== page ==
Digital & Technology

Leveraging Digital Regulation For Strategic Autonomy, by Andrea Renda

The paper analyses Europe’s alleged primacy in the regulation of emerging technologies and assesses whether the so-called ‘Brussels effect’ can help the EU achieve prominence as a global regulator in the digital space. It finds that the Brussels effect, while existing, is not only exaggerated in public debate but is also at risk of gradual erosion over the coming years.


Strategic Autonomy Tech Alliances, by Prof. Dr Paul Timmers

Europe needs to bring together political support and industrial ecosystems in key technology areas and to build strategic autonomy tech alliances. This will allow the EU to build and sustain the necessary capabilities, capacities and control in key technology areas. This policy brief reviews the landscape and concludes that strategic autonomy tech alliances can only be said to be in place for semiconductors and cloud. Although even in these areas, there are strategic choices to be made.


Economy & Trade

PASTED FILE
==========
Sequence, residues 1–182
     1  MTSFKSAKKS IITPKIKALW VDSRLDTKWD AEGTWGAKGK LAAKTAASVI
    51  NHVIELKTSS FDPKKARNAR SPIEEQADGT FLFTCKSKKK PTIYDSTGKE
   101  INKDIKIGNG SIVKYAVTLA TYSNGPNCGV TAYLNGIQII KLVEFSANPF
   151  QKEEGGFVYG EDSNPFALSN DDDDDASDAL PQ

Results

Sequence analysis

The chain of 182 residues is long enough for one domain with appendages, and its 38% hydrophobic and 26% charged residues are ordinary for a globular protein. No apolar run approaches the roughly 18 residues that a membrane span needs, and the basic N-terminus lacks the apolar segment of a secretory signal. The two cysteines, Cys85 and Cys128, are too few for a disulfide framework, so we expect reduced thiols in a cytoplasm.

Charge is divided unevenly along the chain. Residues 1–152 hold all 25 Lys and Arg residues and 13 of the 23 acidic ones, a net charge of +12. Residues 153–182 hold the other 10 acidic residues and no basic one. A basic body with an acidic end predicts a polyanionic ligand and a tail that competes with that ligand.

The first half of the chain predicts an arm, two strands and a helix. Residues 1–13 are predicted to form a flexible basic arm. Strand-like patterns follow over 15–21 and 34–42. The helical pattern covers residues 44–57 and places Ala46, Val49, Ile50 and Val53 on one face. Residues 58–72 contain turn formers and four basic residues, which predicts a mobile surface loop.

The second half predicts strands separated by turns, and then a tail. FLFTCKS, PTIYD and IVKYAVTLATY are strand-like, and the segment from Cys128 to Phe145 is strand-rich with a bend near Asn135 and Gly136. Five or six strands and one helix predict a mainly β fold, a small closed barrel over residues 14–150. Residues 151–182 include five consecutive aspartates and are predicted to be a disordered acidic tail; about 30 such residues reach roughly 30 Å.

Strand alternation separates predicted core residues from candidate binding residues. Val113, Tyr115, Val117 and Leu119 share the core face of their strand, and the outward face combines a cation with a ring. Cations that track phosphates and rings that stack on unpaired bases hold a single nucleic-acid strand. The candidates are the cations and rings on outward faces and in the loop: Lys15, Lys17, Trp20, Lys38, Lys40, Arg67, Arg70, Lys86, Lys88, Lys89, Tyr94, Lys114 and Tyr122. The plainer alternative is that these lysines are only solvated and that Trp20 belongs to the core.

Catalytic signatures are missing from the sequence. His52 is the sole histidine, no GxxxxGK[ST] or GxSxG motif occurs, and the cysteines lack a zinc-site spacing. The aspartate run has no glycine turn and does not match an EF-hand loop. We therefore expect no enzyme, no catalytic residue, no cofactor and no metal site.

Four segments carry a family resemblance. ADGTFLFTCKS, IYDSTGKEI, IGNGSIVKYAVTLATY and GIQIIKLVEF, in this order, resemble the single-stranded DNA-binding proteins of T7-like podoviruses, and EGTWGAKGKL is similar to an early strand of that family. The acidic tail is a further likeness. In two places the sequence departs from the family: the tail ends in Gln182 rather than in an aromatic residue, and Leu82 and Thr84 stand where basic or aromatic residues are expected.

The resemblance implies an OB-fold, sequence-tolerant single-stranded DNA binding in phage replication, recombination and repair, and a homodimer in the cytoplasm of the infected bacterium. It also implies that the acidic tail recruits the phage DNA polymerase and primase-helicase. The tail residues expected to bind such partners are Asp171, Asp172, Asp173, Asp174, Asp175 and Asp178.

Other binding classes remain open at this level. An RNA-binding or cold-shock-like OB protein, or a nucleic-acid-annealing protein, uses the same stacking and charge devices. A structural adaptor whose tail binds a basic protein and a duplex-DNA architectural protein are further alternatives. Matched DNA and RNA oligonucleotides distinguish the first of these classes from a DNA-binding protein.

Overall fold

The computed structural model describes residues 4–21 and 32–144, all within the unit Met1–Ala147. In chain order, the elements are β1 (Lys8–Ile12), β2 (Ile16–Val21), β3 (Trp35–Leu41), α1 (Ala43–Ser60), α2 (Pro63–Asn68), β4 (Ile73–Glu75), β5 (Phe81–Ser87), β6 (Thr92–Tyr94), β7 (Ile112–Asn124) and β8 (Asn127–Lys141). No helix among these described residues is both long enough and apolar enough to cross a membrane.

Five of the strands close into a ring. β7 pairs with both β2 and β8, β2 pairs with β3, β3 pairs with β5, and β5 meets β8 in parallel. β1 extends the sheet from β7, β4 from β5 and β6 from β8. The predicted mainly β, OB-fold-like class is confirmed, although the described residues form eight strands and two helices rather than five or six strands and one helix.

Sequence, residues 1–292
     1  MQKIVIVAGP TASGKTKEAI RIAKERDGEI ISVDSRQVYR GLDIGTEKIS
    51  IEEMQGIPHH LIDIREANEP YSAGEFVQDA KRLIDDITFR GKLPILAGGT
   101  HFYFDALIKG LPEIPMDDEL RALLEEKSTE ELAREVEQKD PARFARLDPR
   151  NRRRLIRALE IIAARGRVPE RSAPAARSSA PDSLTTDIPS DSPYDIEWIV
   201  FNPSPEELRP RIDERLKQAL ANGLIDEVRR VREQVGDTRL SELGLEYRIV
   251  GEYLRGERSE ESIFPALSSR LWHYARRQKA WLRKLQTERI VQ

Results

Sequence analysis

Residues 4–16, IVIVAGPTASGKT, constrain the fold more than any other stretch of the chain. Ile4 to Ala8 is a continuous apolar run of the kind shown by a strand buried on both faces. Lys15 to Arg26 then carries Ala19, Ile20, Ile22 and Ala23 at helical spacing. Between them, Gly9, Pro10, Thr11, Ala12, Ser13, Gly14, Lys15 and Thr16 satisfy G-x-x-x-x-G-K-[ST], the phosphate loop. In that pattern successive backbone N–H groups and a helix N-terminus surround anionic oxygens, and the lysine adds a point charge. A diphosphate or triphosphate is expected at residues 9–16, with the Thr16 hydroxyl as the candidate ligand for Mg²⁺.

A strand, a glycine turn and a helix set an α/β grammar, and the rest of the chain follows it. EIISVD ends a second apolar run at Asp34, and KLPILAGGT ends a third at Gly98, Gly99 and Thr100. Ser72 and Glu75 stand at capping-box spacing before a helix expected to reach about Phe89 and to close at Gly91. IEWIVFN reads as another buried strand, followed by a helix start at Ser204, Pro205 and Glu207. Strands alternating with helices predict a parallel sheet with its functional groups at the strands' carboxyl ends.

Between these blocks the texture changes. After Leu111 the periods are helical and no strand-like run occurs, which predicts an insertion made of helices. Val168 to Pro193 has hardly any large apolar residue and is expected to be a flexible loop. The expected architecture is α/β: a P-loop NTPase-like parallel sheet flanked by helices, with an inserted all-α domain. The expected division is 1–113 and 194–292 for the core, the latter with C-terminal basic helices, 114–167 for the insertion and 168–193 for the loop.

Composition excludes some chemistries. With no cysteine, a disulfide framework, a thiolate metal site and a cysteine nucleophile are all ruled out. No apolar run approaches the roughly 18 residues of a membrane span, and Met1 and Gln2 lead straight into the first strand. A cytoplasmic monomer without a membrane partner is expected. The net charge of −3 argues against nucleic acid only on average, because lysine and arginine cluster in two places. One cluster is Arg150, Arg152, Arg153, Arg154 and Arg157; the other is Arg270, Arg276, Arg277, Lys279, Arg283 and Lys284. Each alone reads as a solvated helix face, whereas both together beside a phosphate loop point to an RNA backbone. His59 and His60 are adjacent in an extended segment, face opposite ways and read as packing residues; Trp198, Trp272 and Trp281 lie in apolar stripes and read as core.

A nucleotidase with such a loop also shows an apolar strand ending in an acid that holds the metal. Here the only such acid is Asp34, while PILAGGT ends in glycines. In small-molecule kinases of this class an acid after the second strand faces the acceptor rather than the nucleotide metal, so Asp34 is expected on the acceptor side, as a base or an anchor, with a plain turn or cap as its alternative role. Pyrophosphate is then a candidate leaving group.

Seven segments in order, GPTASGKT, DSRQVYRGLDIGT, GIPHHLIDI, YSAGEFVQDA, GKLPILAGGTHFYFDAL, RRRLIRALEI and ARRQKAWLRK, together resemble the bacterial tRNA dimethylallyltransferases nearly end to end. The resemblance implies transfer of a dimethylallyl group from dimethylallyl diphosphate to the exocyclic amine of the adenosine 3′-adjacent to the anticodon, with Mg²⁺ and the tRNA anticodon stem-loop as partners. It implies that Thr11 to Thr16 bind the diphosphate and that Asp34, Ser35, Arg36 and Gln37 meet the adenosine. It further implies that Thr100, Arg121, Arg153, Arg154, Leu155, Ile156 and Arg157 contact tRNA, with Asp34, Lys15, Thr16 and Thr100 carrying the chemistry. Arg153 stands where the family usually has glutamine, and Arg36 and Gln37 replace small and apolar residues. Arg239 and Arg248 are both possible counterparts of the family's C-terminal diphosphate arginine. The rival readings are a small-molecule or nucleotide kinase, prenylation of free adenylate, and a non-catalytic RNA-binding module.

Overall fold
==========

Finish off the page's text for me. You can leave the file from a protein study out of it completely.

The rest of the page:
European Industrial Policy: A crucial element of strategic autonomy, by Jonathan Hackenbroich and Sebastian Dullien

This Policy Brief, as part of a more extended reflection of the European Strategic Autonomy, reflects on the relevance of a solid industrial policy and the main lines of action to construct it. Russia’s war in Ukraine has ushered in a new era for Europe’s economic diplomacy, supply security, and military spending. The war poses a fundamental challenge, and the EU has also set ambitious goals for decarbonisation and digitalisation. 


Progressive Post Dossier

The EU finds itself increasingly compressed between intensifying global rivalries, while global issues urging collective responses and multilateral solutions continue to unfold. Global topics and the European Union's approach to them are at the core of the latest issue of the Progressive Post, FEPS flagship magazine. Find here the Dossier on European Strategic Autonomy.


The Working Groups

High-level policy experts and academics will address the topic from three complementary perspectives - namely 1) Security and Defence, 2) Economics and Trade, and 3) Digital and Technology - and will provide analysis and concrete, actionable recommendations for policymakers.

1. Working Group on Security and Defence